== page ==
As a professor and assistant chair in fashion merchandising at the Fashion Institute of Technology, State University of New York, I not only instruct my students on using the JDA® Advanced Store Replenishment and JDA® Allocation solutions, but I also participate in a few JDA Special Interest Groups (SIGs).
Each time I participate in a SIG conference call or a SIG meeting at FOCUS, JDA’s annual user conference, I find myself impressed with the way in which these SIGs function. In fact, I am so impressed that I have taken advantage of this opportunity to explore and share my insights about the JDA SIGs.
What is a SIG?
A SIG is a user group, generally set up by solution, that includes a SIG chair (elected by the membership), JDA executives who are solution experts, and members from companies who pay for an enhanced level of service.
Before going much farther, I think it’s important to consider the JDA Special Interest Group mission statement: Foster an environment where active participation maximizes your company’s investment in JDA solutions and enables you to grow both personally and professionally through collaboration with other supply chain professionals.
What is the SIG responsible for?
What does this really mean to the member’s company? It means that each SIG member is able to take an active role in helping improve and enhance the solution based on their company’s needs. The old adage, “if you don’t ask, you don’t get” is truly in play here.
Users create wish lists of enhancements they would like to see, the members vote to rank the enhancements, and the JDA experts weigh in on them to evaluate the cost and time required to implement each one. The final enhancement list is shared on a SIG call or at FOCUS.
Members invariably applaud (literally) with an occasional “yeah!” thrown in for good measure when the enhancement list is announced. This is particularly true if an enhancement the cheering member submitted will clearly improve the speed with which allocations can be executed. Doesn’t everyone want to improve their company ROI?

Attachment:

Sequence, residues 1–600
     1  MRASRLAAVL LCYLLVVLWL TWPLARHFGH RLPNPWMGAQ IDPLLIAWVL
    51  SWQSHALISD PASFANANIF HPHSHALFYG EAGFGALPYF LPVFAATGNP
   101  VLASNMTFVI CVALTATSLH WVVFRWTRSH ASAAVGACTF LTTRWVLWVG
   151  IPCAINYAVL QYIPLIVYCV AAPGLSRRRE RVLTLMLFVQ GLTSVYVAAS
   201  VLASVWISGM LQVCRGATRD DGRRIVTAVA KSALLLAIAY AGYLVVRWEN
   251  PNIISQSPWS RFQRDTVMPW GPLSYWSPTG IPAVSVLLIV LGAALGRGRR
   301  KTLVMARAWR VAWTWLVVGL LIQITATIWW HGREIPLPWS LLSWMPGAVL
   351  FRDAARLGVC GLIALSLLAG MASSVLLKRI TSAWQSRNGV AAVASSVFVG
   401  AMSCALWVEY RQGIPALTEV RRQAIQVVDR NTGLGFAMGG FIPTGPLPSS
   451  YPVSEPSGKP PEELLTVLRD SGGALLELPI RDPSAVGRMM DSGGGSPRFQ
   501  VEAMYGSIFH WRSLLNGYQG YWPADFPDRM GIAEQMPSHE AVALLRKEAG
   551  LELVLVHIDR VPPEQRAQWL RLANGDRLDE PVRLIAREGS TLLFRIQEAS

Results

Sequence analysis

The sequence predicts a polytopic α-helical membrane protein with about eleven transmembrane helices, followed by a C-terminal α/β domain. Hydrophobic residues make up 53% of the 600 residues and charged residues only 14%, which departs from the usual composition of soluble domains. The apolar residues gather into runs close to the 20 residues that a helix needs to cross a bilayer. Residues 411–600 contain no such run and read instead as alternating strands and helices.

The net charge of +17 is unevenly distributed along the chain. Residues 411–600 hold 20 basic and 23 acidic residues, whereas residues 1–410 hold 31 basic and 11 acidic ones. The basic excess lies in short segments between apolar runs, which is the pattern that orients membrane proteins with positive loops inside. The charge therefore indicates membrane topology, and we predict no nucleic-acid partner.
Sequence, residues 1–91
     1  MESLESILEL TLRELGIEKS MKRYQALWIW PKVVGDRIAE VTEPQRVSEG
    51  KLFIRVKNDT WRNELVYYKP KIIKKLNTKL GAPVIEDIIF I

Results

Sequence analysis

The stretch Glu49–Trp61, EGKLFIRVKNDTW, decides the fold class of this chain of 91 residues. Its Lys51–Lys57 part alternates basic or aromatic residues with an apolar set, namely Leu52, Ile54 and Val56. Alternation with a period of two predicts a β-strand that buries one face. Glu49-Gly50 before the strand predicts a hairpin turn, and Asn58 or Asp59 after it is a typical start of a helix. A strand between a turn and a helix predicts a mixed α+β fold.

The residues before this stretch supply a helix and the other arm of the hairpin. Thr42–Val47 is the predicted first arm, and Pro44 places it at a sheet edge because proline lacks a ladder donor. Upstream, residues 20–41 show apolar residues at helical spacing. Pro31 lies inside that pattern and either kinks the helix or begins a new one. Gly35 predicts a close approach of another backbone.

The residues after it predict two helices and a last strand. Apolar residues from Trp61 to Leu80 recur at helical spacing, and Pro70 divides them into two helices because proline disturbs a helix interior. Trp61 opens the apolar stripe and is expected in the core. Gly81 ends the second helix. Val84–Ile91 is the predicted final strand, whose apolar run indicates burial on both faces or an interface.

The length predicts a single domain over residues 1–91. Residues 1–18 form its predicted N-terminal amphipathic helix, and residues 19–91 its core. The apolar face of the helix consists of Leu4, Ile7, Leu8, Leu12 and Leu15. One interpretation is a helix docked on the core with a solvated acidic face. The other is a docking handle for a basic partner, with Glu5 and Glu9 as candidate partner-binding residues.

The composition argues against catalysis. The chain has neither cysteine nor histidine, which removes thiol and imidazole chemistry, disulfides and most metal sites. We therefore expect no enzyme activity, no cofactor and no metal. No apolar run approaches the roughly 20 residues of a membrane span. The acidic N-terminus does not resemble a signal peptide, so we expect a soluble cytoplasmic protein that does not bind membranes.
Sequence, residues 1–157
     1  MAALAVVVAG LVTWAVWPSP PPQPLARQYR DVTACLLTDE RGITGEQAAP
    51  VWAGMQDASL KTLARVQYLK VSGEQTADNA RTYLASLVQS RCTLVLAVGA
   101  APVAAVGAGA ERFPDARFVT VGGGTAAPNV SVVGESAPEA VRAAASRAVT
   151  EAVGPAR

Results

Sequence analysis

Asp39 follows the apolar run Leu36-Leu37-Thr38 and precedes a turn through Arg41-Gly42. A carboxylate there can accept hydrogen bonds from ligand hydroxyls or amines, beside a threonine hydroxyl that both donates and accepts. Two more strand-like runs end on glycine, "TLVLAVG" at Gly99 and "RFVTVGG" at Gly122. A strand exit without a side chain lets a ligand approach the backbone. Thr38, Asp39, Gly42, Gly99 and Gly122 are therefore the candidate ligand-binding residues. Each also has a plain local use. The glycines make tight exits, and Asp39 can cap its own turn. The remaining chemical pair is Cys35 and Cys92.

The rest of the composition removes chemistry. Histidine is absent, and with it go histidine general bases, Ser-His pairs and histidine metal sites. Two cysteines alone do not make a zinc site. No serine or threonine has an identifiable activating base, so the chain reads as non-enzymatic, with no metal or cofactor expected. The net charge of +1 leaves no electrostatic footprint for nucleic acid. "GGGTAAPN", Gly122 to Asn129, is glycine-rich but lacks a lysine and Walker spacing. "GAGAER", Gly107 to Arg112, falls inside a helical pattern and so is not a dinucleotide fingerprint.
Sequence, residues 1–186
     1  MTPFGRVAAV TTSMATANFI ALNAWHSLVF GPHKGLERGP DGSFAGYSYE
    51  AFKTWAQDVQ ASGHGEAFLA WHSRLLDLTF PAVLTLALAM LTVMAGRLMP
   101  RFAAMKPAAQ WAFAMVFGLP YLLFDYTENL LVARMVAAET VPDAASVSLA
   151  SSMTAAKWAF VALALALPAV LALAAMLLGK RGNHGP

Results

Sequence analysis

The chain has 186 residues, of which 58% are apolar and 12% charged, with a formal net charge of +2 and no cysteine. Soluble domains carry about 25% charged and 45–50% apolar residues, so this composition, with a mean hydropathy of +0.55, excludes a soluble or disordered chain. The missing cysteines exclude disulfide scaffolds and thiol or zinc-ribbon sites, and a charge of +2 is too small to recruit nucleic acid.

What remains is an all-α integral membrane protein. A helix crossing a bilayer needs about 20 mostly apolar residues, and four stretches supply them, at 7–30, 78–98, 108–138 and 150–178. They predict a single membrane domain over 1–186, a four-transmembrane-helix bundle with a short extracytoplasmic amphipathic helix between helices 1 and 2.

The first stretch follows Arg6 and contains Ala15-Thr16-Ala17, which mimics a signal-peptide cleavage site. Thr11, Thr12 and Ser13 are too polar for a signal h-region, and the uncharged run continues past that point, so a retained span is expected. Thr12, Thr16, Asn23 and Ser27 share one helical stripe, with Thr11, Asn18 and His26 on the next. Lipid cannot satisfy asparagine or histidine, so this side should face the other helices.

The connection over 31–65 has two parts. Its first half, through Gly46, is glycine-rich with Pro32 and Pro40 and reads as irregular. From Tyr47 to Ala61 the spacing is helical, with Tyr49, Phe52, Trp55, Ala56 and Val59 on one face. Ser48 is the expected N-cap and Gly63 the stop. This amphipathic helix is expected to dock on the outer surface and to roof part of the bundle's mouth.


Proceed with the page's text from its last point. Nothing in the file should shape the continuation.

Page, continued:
WIFM (What’s In It For Me?)
In addition to the very specific purpose of a SIG, there are other benefits realized by each individual member that I believe are equally important. They include: enhancing their own solution skills, the opportunity to mentor and to be mentored by their peers, and the ability to reach out to other members to find solutions and workarounds that may be unique to the few vs. the many. But ultimately, for me, the biggest benefit I see is simply the rich experience of collaborating, either virtually or in person, with a group of incredibly smart, insightful, talented, and knowledgeable peers who, over time, may become friends as well.
The Allocation SIG
I am most actively involved in the Allocation SIG. While I cannot speak for all SIGs, I can speak for myself on behalf of this one. The SIG chair is an industry professional, an active member of the SIG, and an Allocation expert in his/her own right. This gives the chair a unique ability to understand the needs and concerns of the members and also foster open lines of communication between the members and JDA solution experts. The SIG chair has an open door policy – encouraging members to reach out if they have issues or concerns, to connect members with one another based on specific needs and to trouble shoot with the JDA solution experts when quick fixes are needed.
The relationship that has developed among the Allocation SIG members and JDA solution experts is one of mutual respect, true collaboration, active listening, collegiality, and yes, friendship. I find this pleasantly unique. Certainly user members do not share proprietary information but they do share information about a solution that can ultimately benefit one and all.
Yes, it is truly collaboration with a twist…